Advice for users as legal highs ban kicks in

Cupid Shop owner Carl Lapham outside his Princes St, Dunedin, shop yesterday that sells legal highs. Photo by Peter McIntosh.
Cupid Shop owner Carl Lapham outside his Princes St, Dunedin, shop yesterday that sells legal highs. Photo by Peter McIntosh.
With legal highs expected to be banned from early tomorrow, the Southern District Health Board is giving advice about ways to cope with impending withdrawal symptoms.

Community Alcohol and Drug Service medical director Dr Gavin Cape said regular users of legal highs might only feel ''normal'' on the drug and, when they stopped using, their body and brain had to adjust.

The withdrawal was the brain getting used to working ''normally'' again without the drug, Dr Cape said.

Most users would have mild, or little withdrawal symptoms for a few days, such as anxiety, disturbed sleep, irritability, poor concentration, cravings, nausea, aches and little appetite.

The advice to deal with withdrawals included gentle exercise, drinking plenty of water and to take it easy, knowing it was a natural response and would end soon.

People with more severe withdrawal symptoms, such as severe vomiting, diarrhoea, shakes and tremor, racing or irregular heartbeat or thoughts of self-harm should call their doctor.

If users hallucinated, had delusions and psychosis, seizures or loss of consciousness they should seek emergency medical attention.

A 30-year-old synthetic cannabis smoker, of South Dunedin, who did not want to be named for fear he would lose visitation rights to his daughter, said he smoked legal highs to replace methamphetamine.

''It's the same buzz ... I used to be a heavy meth smoker until this [legal highs] came along; it got me off a lot of other drugs.''

When legal highs were banned, he would return to those drugs, including methamphetamine, which were readily available in Dunedin, he said.

He had briefly given up smoking synthetic legal highs before and there was no easy way to detox.

''You've just got to tough it out.''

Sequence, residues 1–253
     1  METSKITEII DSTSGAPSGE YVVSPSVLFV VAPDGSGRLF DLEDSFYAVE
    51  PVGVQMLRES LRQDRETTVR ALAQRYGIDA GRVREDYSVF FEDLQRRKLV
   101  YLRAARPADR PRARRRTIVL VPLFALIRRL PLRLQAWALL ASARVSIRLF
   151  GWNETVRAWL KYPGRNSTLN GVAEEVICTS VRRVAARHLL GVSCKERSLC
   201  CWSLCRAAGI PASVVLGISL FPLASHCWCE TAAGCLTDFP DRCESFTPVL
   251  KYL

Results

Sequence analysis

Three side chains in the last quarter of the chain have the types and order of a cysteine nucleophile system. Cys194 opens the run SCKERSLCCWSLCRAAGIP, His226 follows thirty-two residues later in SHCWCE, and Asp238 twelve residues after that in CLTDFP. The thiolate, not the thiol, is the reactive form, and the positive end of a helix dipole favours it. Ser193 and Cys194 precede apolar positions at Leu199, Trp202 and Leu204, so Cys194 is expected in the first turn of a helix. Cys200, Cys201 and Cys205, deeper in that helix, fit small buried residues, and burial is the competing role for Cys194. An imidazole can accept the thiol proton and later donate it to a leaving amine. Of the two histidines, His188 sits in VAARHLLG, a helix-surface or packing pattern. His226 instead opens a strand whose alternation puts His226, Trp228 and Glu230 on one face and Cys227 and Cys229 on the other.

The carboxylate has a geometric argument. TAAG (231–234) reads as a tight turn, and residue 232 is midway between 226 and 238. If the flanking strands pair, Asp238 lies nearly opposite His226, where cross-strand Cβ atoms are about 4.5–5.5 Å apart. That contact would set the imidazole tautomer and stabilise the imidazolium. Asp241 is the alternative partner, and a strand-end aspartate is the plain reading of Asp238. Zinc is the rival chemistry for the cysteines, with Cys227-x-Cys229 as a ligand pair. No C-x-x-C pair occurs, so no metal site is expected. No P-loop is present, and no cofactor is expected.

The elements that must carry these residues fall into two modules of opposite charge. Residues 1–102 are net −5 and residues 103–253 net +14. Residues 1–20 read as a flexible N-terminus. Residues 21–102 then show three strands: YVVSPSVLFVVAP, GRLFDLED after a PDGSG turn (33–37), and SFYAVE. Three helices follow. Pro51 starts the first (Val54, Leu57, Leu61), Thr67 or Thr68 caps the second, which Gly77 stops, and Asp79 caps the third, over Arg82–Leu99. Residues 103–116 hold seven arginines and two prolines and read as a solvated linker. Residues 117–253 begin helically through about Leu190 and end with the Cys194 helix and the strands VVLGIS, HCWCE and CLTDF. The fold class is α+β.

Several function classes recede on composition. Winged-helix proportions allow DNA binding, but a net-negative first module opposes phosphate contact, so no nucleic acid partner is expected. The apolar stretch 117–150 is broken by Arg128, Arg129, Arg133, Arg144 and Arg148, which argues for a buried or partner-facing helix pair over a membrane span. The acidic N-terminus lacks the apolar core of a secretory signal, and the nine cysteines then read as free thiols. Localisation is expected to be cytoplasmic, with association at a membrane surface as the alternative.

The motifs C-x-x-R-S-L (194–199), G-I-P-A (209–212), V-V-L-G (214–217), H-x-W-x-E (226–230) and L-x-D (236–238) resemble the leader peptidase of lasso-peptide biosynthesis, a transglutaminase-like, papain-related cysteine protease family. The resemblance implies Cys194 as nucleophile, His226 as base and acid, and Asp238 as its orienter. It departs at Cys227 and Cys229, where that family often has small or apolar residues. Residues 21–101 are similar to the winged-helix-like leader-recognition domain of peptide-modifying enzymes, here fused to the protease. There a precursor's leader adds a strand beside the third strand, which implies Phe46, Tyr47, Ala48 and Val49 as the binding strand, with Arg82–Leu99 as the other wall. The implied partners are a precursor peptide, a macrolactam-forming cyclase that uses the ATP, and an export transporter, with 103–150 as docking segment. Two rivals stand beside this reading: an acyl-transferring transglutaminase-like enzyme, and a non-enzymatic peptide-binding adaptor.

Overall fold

Cupid Shop owner Carl Lapham said about 95% of his customers yesterday were buying legal highs and many were stockpiling as much as they could afford.

The sale of legal highs had already gone ''underground'' in Dunedin and customers had reported people selling legal highs from a shoebox in the Octagon at the weekend, he said.

A Dunedin police spokeswoman said police were unaware of those claims, but if police received any information about such happenings it would be followed up.

Health Ministry spokesman Kevin McCarthy said although the amended Bill had not yet been passed, it was expected to be operative from 12.01am tomorrow.

shawn.mcavinue@odt.co.nz

 


Where to get help

• The Alcohol Drug Helpline: 0800 787-797.

• The Addictions Treatment Directory: www.adanz.org.nz

• Home-treatment-based Detox Service: 476-6063.


 

Ryall approved the mind-altering drug use

So Ryall was the Minister of non-accountability for approving the use (call it testing on humans?) of these degenerate drugs. Just another National Minister who screwed-up - bigtime. What a House of cards National are turning into.

Resign

Trev: And there's the point. A sensible law - that "harmless" drugs should be legal - has been compromised by a Minister of Health who unwisely grandfathered in untested drugs. There's your accountability. The minister's failure here has caused a public health problem. He should resign.

Who approved the drugs?

Blackbird: How about."Testing already completed on humans - results prove drugs dangerous". "Why test on animals when drug results already known ?" The whole saga begs the question: Who said that the 41 drugs were "safe" enough to allow sale to humans? What testing was done to prove they were safe? Where is the accountability for all the nonsense?   

It's about what you can test for

Blackbird got it right, "predicting there will soon be underground sales, but I see that has already happened." 
These highs gained popularity so quickly because they were "legal", not because they were a more enjoyable high than marijuana.  Unfortunately, among their other undesirable qualities they appear to be addictive to an infinitely greater degree than marijuana. 
The majority of users, those who use it moderately or seldom, will if possible probably return to using marijuana.  Since both are now illegal why choose the less enjoyable product?  Well, "why" is because until there are the same workplace drug tests for ex-legal highs as there are for herb many people will probably decide to go with the one they can't be fired for - for showing positive 3 weeks after they had a smoke. 
Bad news for society in general, good news for the gangs.  Tough aye, politicians can't get it right all the time!

Predictable muddle

This is turning into a predicatible muddle. I was going to leave a comment predicting there will soon be underground sales, but I see that has already happened. So I'll offer some other headlines to look forward to;

"Legal highs back as Bath Salts", "Animal Testing ban makes legal high testing quicker, cheaper and easier", "Cat and Mouse game continues - new highs on sale", "Testing passed - legal highs back"

Never mind, it's an election year and that's silly season for politicians. They could hardly pass up a chance to kick this convienient football.

A & E

DHBs are expecting a high demand for services, according to Waitemata DHB on Morning Report, RNZ. Is Dr Cape recommending A & E for acute withdrawal? [Abridged]

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